"I think that the facts of life have confirmed that the new economic reality and the global economy will no longer be the same as it was between 2000 and 2007, and that the Russian situation will never be the same, it will become much more difficult and is already much more difficult," Ulyukayev said during the Gaidar Economic Forum in Moscow.
Ulyukayev noted these same words were written by Vladimir Lenin 100 years ago.
Russia is currently facing an economic slowdown. In the wake of a steep slide in oil prices and geopolitical tensions related to the crisis in Ukraine the Russian ruble has plummeted dramatically, hitting historic lows against the dollar and the euro.
In December 2014, the Russian Central Bank head stated that the inflation rate was expected to remain at 10 percent for the first quarter of 2015.
In December, Russian President Vladimir Putin said that the country's economy will overcome the current downturn in the coming years, adding that the rebound could take place as early as the first quarter of 2015.
Negative Ratings Unlikely to Have Serious Macroeconomic Effects for Russia
“At least for our domestic tasks, and more exactly for appraising the situation of our banks, the quality of their stakes, the quality of borrowers, and the release of bonded loans, we don’t need to use these mechanisms, we have our own national rating agencies, we have very highly qualified analytical services in the Bank of Russia, in the Russian government, and in the banking system, so we can easily get along without these [foreign] indicators,” Ulyukayev said on Rossiya-24 television.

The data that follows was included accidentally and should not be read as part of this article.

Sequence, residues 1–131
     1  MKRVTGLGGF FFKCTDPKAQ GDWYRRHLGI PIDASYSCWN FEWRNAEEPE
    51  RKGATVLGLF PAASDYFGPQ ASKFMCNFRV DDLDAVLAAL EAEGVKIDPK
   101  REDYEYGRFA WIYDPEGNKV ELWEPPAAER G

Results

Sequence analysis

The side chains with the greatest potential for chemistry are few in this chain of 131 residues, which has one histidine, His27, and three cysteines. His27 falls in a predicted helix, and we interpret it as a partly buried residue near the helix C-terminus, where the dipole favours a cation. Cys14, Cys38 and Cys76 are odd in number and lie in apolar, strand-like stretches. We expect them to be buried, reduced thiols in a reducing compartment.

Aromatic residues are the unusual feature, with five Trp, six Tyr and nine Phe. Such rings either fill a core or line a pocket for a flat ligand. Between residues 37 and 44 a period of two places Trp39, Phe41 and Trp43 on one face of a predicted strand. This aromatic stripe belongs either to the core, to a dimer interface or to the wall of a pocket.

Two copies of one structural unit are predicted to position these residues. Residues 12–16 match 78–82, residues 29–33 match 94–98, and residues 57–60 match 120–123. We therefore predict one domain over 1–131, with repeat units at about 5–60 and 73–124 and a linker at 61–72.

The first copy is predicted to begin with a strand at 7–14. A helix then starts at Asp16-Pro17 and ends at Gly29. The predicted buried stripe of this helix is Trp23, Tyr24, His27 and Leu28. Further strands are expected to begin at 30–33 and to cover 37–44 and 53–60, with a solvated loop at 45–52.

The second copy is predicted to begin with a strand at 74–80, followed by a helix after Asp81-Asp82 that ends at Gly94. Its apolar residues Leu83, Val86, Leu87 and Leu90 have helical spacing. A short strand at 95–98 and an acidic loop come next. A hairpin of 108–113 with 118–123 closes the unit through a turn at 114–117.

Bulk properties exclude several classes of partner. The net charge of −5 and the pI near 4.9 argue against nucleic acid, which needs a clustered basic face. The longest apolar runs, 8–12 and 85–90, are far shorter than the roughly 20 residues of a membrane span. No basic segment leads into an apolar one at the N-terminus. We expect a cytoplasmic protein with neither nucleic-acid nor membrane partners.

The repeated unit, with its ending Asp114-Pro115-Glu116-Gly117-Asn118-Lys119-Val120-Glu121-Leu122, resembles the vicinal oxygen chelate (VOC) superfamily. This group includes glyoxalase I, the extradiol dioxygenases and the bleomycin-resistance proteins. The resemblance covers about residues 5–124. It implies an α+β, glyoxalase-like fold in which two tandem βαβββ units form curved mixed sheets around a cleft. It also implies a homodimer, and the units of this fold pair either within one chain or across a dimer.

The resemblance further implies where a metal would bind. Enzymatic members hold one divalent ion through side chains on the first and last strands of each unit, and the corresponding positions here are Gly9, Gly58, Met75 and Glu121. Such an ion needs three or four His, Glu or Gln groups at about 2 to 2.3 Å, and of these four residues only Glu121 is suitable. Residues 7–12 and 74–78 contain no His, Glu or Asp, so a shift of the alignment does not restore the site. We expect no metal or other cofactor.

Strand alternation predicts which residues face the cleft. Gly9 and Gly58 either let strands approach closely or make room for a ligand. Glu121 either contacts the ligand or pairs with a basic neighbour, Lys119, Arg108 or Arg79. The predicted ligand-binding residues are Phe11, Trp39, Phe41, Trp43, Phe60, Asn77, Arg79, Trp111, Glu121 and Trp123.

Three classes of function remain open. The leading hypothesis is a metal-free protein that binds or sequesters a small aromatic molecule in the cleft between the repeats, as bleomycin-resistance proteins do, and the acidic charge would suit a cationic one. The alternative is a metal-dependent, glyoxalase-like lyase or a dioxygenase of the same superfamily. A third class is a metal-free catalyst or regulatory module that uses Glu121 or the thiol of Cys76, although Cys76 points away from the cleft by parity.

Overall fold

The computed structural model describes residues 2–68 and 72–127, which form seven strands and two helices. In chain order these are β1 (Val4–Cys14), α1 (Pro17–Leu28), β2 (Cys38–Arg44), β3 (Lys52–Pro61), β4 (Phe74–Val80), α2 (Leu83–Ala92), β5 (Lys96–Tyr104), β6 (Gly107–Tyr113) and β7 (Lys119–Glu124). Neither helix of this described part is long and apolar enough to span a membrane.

“Under current [Western] sanctions our borrowers don’t have the ability to borrow or refinance their loans so the actions of the rating agencies won’t have a material-like character, that is there will be some unpleasant noise, but it won’t lead to any sort of serious macroeconomic consequences,” Ulyukayev said.
In December, Standard & Poor’s, another major credit rating agency, also announced that it is likely to downgrade Russia’s sovereign debt status from its current BBB- rating because of the country’s weakening economy.
A number of lawmakers, including Federation Council economic policy committee deputy head Sergei Shatirov, have referred to the downgrade of Russia by rating agencies as biased and politically motivated. The lawmakers believe that Russia's economy remains balanced and stable due to its “very powerful” reserves.
Ruble More Likely to Strengthen Than Weaken in 2015
The ruble is more likely to strengthen than weaken in 2015, Russian Economic Development Minister Alexei Ulyukayev said Wednesday.
"Our national currency has a floating exchange rate so the possibility of moving toward a stronger or weaker point is existent. In my opinion, movement toward a strengthening is more likely because the ruble is currently undervalued. But this is just the influence of market influences that we can only partially forecast," Ulyukayev told journalists.
Russia's economy is currently under strain due to geopolitical tensions and Western sanctions imposed over the Ukrainian crisis. A sharp decline in oil prices is another contributing factor to the country's economic slowdown, dragging down the ruble in recent months, which has hit historic lows. The Russian Central Bank expects the country's inflation rate to be 10 percent for the first quarter of 2015.
In December, President Vladimir Putin stated that Russian economy will overcome the current slump, adding that it could rebound as early as the first quarter of 2015.